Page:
SMC1A facilitates gastric cancer cell proliferation, migration, and invasion via promoting SNAIL activated EMT
BMC Gastroenterology volume 23, Article number: 268 (2023)
Structural maintenance of chromosomes protein 1 A (SMC1A) is a crucial subunit of the cohesion protein complex and plays a vital role in cell cycle regulation, genomic stability maintenance, chromosome dynamics. Recent studies demonstrated that SMC1A participates in tumorigenesis. This reseach aims to explore the role and the underlying mechanisms of SMC1A in gastric cancer (GC).
Materials and methods
RT-qPCR and western blot were used to examine the expression levels of SMC1A in GC tissues and cell lines. The role of SMC1A on GC cell proliferation, migration, invasion and epithelial-mesenchymal transition (EMT) were analyzed. Furthermore,the mechanism of SMC1A action was investigated.
SMC1A was highly expressed in GC tissues and cell lines. The high expression of SMC1A indicated the poor overall survival of GC patients from Kaplan-Meier Plotter. Enhancing the expression of SMC1A in AGS cells remarkably promoted cell proliferation in vitro and in vivo, migration and invasion, Conversely, knockdown of SMC1A in HGC27 cells inhibited cell proliferation, migration and invasion. Moreover, it’s observed that SMC1A promoted EMT and malignant cell behaviors via regulating SNAIL.
Our study revealed that SMC1A promotes EMT process by upregulating SNAIL, which contributes to gastric cancer cell proliferation, migration and invasion. Therefore, targeting SMC1A may be a potential strategy to improve GC therapy.
One of the most common digestive tract cancers, gastric cancer (GC), poses a major danger to human health . Despite a recent drop in incidence, the fatality rate is still quite high. The onset and progression of GC are caused by the interplay of internal genetic variability and different external risk factors . Numerous patients were in the middle or late stages when they were identified with stomach cancer since early screening had a poor detection rate, the disease was prone to invasion and metastasis, and the 5-year survival rate was exceedingly low . GC is caused by a complex process involving several genes . Therefore, there is an urgent need to investigate the fundamental processes of GC start-up and development in more detail.
One important component of the cohesion protein complex, which is critical for sister chromatid cohesion in chromosome dynamics, is structural maintenance of chromosomes protein 1A (SMC1A) . SMC1A is essential for maintaining genomic integrity, controlling cell cycle progression, and regulating chromosome dynamics [5,6,7]. Recent investigations have shown that SMC1A has a role in tumorigenesis . SMC1A is abundantly expressed in prostatic carcinoma, and knockdown of SMC1A might inhibit cell proliferation, growth, migration, and cancer stem-like cell features, while also improving the effectiveness of radiation treatment [9, 10]. According to Zhang et al. , phosphorylated SMC1A promoted the proliferation and migration of hepatocellur carcinoma cells, and its overexpression was significantly associated with worse prognostic outcomes. In colorectal cancers, SMC1A was present as extra-copies, mutations, and overexpression, and it contributes to cancer development and metastasis [12, 13]. Additionally, SMC1A overexpression was identified as an independent poor prognostic predictor in advanced colorectal cancers . However, it has been reported that patients with acute myeloid leukemia who express of SMC1A poorly have a poor prognosis for survival . SMC1A was shown to be correlated with patients’ survival in cases of GC . SMC1A’s function and underlying mechanisms in GC remained unclear nonetheless.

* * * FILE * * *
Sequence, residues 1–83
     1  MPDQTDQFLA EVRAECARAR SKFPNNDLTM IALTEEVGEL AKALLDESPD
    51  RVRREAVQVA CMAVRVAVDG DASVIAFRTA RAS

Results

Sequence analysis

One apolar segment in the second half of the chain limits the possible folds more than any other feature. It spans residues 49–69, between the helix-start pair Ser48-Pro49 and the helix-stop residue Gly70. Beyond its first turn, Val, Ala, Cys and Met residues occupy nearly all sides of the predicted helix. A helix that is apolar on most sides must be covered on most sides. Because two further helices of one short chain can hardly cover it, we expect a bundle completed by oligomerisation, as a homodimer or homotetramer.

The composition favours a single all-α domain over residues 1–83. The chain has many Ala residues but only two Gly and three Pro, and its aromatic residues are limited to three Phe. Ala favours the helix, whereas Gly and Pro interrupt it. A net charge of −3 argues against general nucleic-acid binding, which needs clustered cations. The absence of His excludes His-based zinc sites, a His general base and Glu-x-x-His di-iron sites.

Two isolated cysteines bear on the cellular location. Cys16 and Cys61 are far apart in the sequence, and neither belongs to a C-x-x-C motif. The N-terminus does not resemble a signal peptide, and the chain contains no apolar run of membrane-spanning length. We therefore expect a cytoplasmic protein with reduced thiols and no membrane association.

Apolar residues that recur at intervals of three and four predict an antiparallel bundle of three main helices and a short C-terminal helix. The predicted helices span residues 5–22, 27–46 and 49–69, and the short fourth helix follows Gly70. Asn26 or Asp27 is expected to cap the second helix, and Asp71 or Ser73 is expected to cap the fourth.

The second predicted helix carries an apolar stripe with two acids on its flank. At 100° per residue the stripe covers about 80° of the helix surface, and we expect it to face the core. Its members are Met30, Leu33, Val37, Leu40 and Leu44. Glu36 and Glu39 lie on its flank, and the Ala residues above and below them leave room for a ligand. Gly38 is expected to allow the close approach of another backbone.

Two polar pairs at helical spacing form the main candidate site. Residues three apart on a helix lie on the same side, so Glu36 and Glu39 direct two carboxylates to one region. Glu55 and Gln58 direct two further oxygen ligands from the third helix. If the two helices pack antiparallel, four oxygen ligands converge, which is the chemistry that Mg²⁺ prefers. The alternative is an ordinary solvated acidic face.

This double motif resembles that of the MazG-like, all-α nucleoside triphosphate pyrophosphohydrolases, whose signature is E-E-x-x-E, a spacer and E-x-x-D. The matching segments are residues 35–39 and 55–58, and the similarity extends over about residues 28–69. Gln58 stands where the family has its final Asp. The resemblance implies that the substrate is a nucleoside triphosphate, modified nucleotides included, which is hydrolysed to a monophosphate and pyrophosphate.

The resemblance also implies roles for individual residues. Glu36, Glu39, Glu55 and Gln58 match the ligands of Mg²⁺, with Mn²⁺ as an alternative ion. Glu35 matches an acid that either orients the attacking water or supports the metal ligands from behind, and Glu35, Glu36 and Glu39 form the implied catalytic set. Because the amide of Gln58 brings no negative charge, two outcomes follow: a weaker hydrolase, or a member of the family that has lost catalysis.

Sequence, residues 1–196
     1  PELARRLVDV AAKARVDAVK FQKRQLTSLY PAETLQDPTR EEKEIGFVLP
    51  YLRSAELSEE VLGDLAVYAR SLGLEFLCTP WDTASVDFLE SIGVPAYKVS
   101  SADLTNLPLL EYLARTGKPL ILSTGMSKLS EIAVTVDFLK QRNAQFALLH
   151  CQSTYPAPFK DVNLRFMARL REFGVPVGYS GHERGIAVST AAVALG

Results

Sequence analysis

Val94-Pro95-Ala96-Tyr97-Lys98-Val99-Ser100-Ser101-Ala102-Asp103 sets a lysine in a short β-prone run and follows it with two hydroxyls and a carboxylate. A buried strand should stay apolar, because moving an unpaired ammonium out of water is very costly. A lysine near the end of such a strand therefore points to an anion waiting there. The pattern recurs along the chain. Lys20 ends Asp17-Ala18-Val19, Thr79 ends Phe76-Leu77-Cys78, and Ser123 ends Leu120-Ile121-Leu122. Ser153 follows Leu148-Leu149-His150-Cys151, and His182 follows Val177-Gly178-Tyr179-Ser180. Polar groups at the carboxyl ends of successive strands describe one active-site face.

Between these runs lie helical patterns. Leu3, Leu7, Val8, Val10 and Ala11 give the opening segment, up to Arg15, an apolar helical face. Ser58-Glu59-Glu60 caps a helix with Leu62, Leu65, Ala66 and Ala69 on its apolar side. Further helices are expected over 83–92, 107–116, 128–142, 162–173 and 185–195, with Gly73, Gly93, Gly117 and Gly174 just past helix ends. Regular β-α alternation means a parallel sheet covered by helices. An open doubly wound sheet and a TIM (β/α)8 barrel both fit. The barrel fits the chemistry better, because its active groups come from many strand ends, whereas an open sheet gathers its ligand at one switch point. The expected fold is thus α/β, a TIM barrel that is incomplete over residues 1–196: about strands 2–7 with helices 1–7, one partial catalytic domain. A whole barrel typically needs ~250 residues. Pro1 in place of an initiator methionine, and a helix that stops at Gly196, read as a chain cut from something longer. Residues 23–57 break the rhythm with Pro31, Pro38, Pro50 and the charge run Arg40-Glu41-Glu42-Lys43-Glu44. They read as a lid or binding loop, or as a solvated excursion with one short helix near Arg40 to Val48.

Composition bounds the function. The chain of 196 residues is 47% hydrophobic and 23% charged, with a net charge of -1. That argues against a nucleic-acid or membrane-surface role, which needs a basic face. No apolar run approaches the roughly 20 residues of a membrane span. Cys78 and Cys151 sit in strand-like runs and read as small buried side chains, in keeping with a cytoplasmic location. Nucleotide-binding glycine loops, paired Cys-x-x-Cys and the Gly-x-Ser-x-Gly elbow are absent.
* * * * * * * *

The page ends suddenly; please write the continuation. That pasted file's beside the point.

In this study, we investigated the relationship between SMC1A expression levels and the predictive survival of GC patients by examining the expression of SMC1A in GC tissues and cell lines. Additionally, we assessed SMC1A’s influence and probable mechanism on biology behaviors of GC cells. Our research revealed that SMC1A promotes GC cells proliferation, migration, and invasion via activating EMT of snail family transcriptional repressor 1 (SNAI1 or SNAIL), suggesting a potential therapeutic target for GC.
Clinical specimens and survival analysis
A total of 20 primary stomach adenocarcinoma cancer tissues (n = 20) and their matched adjacent normal tissues (n = 20) were collected from patients who underwent surgical resection in the Department of Geriatric Surgery, the Second Xiangya Hospital, Central South University from 2018 to 2019. All specimen were diagnosed by two professional pathologists, and no patient received chemotherapy or radiotherapy prior to surgery. This study was approved by the Ethics Committee of the Second Xiangya Hospital of Central South University, and all patients have signed informed consent. The fresh tissues were fast frozen in liquid nitrogen and stored at -80℃ until use.